Etihad Airways (Arabic شركة الاتحاد للطيران sharikat alittiḥād liṭṭayarān) is a flag carrier and the second-largest airline of the United Arab Emirates (after Emirates). Its head office is in Khalifa City, Abu Dhabi, near Abu Dhabi International Airport. Etihad commenced operations in November 2003.
|Hubs||Abu Dhabi International Airport|
|Frequent-flyer program||Etihad Guest|
|Alliance||Etihad Airways Partners|
|Parent company||Etihad Aviation Group|
|Headquarters||Khalifa City, Abu Dhabi, United Arab Emirates|
|Revenue||US$ 9.02 billion (2015)|
|Employees||20,000 (Oct. 2015)|
The airline operates more than 1,000 flights per week to over 120 passenger and cargo destinations in the Middle East, Africa, Europe, Asia, Australia and the Americas, with a fleet of 116 Airbus and Boeing aircraft as of February 2018. In 2015, Etihad carried 14.8 million passengers, a 22.3% increase from the previous year, delivering revenues of US$9.02 billion and net profits of US$103 million. Its main base is Abu Dhabi International Airport.
In addition to its core activity of passenger transportation, Etihad also operates Etihad Holidays and Etihad Cargo. Etihad established its own airline alliance, Etihad Airways Partners, in October of 2015, that includes Jet Airways, Air Serbia and Air Seychelles. Etihad Airways holds minority equity investments in the participating airlines; as well as holding a stake in Virgin Australia, which is not officially listed as an Etihad Airways Partner. Booking for these airlines is consolidated under one network.
Etihad Airways was established as the second flag carrier of the United Arab Emirates in July 2003 by Royal (Amiri) Decree issued by Sheikh Khalifa bin Zayed Al Nahyan, who wanted an airline for Abu Dhabi. Darwish Alkhoory, the chief personal pilot for Sheikh Zayed, established the airline. It started with an initial paid-up capital of AED500 million. Services were launched with a ceremonial flight to Al Ain on 5 November 2003. On 12 November 2003, Etihad commenced commercial operations with the launch of services to Beirut. Prior to the establishment of Etihad, Gulf Air was the airline which was based at Abu Dhabi International Airport and was also co-owned by Bahrain and the Sultanate of Oman.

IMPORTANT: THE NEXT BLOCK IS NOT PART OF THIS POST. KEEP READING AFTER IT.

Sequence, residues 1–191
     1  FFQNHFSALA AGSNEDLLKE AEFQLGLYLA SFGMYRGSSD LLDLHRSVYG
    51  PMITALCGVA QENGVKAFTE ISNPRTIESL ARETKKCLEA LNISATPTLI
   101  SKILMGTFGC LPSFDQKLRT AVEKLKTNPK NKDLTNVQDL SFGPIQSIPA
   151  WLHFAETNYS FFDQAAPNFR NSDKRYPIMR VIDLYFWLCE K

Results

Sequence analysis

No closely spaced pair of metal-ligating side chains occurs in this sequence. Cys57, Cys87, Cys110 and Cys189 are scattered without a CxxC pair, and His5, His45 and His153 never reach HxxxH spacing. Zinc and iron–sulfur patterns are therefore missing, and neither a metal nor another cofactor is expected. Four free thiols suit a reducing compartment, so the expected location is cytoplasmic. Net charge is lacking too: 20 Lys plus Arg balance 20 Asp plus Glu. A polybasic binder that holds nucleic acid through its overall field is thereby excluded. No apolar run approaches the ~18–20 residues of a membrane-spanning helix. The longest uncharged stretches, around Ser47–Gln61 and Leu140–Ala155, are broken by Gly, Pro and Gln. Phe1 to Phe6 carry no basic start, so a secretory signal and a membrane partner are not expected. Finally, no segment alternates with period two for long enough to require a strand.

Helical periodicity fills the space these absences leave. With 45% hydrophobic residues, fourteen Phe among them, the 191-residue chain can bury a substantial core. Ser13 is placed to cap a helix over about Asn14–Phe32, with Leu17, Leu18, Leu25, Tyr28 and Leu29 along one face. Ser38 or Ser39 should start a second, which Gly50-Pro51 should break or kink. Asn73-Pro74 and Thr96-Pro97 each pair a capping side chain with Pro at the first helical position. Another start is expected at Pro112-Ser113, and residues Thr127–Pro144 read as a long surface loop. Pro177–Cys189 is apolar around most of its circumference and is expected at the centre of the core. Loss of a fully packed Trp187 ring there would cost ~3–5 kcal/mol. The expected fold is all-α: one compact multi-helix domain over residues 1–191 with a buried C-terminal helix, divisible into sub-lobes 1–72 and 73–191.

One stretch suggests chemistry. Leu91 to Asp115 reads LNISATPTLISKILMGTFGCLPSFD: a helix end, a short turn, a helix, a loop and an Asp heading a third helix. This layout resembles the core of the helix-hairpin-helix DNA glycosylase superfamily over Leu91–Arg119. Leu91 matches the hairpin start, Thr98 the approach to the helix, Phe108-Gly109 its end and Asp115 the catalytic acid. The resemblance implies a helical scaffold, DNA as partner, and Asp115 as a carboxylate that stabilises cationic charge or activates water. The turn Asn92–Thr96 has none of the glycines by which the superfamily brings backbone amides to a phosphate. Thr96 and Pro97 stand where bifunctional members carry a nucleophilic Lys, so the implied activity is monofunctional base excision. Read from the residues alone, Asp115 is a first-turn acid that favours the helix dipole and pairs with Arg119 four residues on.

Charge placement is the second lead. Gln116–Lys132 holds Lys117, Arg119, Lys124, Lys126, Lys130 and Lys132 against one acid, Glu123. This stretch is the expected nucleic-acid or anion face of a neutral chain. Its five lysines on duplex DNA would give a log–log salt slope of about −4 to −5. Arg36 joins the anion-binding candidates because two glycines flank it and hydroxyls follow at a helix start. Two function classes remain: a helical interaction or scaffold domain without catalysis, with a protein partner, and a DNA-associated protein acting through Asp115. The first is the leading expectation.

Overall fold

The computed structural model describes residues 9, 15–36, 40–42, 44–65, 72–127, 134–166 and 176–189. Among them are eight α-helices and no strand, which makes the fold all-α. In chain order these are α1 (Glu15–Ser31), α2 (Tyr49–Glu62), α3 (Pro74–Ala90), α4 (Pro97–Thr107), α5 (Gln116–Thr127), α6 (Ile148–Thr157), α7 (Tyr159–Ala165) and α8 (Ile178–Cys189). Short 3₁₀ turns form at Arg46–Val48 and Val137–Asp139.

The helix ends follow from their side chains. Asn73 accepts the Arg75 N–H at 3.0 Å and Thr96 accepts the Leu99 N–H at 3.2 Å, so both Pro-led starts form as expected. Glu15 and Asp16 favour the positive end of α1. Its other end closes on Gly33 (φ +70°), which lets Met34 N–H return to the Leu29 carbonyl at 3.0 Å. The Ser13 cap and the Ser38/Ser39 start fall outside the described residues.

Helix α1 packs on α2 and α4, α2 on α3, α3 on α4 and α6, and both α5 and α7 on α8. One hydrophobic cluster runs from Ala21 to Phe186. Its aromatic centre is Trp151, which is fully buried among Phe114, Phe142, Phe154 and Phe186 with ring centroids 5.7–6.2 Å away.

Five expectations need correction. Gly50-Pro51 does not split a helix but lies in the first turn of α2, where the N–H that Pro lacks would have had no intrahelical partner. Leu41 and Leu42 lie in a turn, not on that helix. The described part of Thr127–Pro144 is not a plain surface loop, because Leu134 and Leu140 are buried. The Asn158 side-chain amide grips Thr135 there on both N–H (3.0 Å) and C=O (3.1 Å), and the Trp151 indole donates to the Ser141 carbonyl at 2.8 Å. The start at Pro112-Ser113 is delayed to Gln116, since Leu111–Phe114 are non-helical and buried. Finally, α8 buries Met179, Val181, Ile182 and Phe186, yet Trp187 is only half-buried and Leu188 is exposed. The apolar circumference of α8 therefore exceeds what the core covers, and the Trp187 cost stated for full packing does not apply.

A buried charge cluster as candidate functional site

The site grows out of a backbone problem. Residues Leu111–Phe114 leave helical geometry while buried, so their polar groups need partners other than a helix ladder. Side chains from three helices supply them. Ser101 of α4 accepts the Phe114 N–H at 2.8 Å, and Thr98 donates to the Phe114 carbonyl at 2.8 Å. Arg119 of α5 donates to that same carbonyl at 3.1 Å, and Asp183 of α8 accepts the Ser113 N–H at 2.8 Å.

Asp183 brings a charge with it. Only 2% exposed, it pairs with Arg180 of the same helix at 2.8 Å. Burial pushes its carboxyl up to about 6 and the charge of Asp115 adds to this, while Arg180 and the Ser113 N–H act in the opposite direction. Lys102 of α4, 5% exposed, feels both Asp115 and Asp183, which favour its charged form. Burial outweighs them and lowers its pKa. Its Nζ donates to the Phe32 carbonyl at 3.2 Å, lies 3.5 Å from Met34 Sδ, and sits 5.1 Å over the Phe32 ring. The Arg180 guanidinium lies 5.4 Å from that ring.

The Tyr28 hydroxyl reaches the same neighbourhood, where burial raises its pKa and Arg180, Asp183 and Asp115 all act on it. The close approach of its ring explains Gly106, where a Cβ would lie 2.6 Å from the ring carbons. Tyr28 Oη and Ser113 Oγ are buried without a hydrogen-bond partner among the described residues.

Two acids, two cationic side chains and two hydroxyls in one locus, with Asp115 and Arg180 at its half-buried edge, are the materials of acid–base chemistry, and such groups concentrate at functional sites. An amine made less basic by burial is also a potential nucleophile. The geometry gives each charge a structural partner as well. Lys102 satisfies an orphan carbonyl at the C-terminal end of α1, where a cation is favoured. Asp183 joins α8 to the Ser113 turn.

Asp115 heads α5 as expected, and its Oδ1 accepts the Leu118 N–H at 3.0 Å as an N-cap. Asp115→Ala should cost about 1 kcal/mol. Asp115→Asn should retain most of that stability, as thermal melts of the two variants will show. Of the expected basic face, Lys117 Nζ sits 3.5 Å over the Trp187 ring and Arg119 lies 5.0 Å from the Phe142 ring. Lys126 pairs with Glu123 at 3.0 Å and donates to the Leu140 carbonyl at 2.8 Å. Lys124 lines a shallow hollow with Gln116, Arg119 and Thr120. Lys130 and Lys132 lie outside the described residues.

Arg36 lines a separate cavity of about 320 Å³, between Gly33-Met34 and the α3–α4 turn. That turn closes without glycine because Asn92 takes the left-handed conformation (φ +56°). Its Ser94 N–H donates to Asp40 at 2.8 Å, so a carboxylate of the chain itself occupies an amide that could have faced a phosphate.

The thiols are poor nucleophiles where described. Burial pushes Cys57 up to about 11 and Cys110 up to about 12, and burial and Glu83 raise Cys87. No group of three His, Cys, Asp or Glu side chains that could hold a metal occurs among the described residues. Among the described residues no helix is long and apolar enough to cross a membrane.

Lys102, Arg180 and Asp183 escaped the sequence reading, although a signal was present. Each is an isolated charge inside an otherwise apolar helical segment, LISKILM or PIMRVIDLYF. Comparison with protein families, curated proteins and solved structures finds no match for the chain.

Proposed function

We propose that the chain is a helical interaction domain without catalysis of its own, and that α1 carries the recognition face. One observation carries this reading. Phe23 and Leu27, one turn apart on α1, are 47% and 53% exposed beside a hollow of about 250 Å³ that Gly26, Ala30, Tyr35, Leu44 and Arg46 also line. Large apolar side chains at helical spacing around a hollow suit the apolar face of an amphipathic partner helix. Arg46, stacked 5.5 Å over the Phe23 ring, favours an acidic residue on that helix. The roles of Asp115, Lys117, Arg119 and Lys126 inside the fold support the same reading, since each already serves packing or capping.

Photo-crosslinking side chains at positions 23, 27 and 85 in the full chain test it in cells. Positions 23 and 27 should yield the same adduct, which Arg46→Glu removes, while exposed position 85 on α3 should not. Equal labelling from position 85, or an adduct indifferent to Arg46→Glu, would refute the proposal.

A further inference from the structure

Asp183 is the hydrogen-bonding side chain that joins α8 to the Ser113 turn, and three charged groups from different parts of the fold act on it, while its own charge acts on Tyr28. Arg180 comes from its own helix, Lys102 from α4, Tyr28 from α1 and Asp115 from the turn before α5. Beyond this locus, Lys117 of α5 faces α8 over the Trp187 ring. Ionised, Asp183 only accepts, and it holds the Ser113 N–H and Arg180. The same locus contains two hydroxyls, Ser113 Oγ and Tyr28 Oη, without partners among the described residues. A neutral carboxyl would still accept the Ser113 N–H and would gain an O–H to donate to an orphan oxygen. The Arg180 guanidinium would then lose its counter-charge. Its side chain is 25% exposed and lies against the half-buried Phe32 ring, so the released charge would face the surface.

The airline announced what was the largest aircraft order in commercial aviation history at the Farnborough Airshow in 2008, for up to 205 aircraft—100 firm orders, 55 options and 50 purchase rights.
Etihad reported its first full-year net profit in 2011, of US$14 million, in line with the strategic plan announced by CEO James Hogan in 2006.
In December 2011, Etihad announced it had taken a 29.21% stake in Air Berlin, Europe's sixth-largest airline, and James Hogan was appointed Vice Chairman. It followed this up with minority stakes in other airlines—Air Seychelles (40%), Aer Lingus (2.987%), Virgin Australia (10%). On 1 August 2013, the President of the company, James Hogan, signed a deal with Aleksandar Vučić, First Deputy Prime Minister of Serbia, in Belgrade, giving Etihad a 49% stake in the Serbian national carrier Jat Airways. The Serbian Government retained 51% of the shares, with the new company being named Air Serbia.